“excepted off-campus provider-based department” means a “department of a provider” (as defined at 42 C.F.R. §413.65(a)(2) of this chapter) that as of November 2, 2015 was located on the campus (as defined in §413.65(a)(2) of this chapter) or within the distance described in such definition from a “remote location of a hospital” (as defined in §413.65(a)(2) of this chapter) that meets the requirements for provider-based status under §413.65 of this chapter.  This definition also includes a department of a provider that was billing under the OPPS with respect to covered [outpatient department] services furnished prior to November 2, 2015.

Final Rule at 79880 (to be codified at 42 C.F.R. §419.48(b)) (emphasis supplied).  As the Rule’s drafters have confirmed, and as reflected in CMS’s commentary throughout the Rule, consistent with Section 603’s language, all on-campus PBDs – whether or not located on campus as of November 2, 2015 – are excepted.  CMS is working on revising the regulatory language accordingly.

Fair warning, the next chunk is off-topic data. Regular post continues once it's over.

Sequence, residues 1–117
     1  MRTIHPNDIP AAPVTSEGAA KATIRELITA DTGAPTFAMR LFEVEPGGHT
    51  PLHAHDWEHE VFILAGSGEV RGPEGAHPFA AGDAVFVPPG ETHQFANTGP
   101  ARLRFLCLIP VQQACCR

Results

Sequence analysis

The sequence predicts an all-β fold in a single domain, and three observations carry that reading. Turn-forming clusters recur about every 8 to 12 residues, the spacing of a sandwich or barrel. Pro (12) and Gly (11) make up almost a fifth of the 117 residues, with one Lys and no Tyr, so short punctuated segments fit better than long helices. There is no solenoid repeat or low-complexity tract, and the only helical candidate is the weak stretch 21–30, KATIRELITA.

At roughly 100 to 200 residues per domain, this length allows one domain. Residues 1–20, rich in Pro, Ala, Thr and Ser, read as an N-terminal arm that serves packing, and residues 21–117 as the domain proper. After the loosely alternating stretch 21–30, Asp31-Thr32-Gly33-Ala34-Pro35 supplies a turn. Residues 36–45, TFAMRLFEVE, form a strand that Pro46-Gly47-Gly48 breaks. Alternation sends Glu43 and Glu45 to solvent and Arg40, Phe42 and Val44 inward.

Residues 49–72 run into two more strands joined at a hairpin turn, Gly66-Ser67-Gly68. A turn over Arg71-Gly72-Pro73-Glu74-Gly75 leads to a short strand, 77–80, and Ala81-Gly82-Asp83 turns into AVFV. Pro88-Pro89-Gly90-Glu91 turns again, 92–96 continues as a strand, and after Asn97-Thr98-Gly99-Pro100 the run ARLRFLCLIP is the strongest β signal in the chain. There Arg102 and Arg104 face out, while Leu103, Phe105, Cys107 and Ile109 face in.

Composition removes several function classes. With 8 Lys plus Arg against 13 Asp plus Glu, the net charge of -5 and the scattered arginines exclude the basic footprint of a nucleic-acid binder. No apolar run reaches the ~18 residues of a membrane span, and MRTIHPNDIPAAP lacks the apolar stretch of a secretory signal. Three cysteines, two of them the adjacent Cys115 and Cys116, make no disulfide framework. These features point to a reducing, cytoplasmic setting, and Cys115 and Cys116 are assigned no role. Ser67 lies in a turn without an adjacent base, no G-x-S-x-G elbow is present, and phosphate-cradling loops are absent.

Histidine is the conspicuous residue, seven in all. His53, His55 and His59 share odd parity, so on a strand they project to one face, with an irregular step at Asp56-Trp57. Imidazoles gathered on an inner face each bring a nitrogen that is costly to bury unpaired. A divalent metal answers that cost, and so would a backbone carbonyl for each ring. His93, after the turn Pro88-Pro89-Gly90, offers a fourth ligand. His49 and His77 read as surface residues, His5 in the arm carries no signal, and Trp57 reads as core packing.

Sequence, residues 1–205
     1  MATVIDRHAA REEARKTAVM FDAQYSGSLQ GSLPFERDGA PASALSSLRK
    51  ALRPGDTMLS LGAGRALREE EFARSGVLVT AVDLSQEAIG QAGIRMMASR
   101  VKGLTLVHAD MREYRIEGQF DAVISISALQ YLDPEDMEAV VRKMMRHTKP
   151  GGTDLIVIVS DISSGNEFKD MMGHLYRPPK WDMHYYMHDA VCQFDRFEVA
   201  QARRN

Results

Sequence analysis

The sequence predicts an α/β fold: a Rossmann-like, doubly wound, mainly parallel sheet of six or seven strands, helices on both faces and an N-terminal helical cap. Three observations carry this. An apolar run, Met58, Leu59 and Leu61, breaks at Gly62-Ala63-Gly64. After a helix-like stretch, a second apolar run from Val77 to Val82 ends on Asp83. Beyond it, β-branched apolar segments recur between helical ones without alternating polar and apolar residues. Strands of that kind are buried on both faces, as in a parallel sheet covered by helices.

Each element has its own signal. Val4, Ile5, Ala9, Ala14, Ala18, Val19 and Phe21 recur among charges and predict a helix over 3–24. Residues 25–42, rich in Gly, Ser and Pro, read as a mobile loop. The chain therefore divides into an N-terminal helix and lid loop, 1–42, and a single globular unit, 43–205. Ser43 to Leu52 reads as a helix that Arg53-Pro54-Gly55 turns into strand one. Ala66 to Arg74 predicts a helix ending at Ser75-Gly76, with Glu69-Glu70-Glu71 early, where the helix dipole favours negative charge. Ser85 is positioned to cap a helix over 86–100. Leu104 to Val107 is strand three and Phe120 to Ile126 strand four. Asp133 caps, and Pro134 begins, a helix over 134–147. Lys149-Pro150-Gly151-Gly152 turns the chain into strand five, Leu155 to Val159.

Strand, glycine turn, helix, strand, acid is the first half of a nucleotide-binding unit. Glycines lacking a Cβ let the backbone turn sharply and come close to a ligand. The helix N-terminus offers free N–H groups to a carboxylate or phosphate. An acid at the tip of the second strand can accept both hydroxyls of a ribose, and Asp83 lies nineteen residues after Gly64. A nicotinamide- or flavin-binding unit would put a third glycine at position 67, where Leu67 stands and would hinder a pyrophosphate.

[6] 42 C.F.R. §413.65(a)(2).

[7] Final Rule at 79702-79703.

[8] Id. at 79703.

[9] Payment to Certain Off-Campus Outpatient Departments of a Provider, 81 Fed. Reg. 45604, 45681 et seq. (July 14, 2016).

[10] Final Rule at 79707.

[11] Id. at 79706.

[12] Id. at 79704.

[13] Helping Hospitals Improve Patient Care Act of 2016, H.R. 5273, 114th Cong. (2016).